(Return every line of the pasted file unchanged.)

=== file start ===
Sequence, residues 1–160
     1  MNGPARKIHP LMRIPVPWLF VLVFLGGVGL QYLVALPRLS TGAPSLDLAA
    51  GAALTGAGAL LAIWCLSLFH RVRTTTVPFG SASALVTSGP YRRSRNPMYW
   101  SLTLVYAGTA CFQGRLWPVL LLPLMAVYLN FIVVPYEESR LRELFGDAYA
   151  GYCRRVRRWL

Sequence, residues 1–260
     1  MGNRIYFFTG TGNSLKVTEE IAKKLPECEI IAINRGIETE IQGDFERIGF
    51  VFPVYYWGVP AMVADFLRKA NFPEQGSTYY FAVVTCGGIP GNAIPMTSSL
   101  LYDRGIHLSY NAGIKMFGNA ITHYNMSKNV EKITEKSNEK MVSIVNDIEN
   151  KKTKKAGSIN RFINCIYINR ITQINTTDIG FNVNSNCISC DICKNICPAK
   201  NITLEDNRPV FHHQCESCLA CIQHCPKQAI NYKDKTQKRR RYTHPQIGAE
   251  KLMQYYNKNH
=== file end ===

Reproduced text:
Sequence, residues 1–160
     1  MNGPARKIHP LMRIPVPWLF VLVFLGGVGL QYLVALPRLS TGAPSLDLAA
    51  GAALTGAGAL LAIWCLSLFH RVRTTTVPFG SASALVTSGP YRRSRNPMYW
   101  SLTLVYAGTA CFQGRLWPVL LLPLMAVYLN FIVVPYEESR LRELFGDAYA
   151  GYCRRVRRWL

Sequence, residues 1–260
     1  MGNRIYFFTG TGNSLKVTEE IAKKLPECEI IAINRGIETE IQGDFERIGF
    51  VFPVYYWGVP AMVADFLRKA NFPEQGSTYY FAVVTCGGIP GNAIPMTSSL
   101  LYDRGIHLSY NAGIKMFGNA ITHYNMSKNV EKITEKSNEK MVSIVNDIEN
   151  KKTKKAGSIN RFINCIYINR ITQINTTDIG FNVNSNCISC DICKNICPAK
   201  NITLEDNRPV FHHQCESCLA CIQHCPKQAI NYKDKTQKRR RYTHPQIGAE
   251  KLMQYYNKNH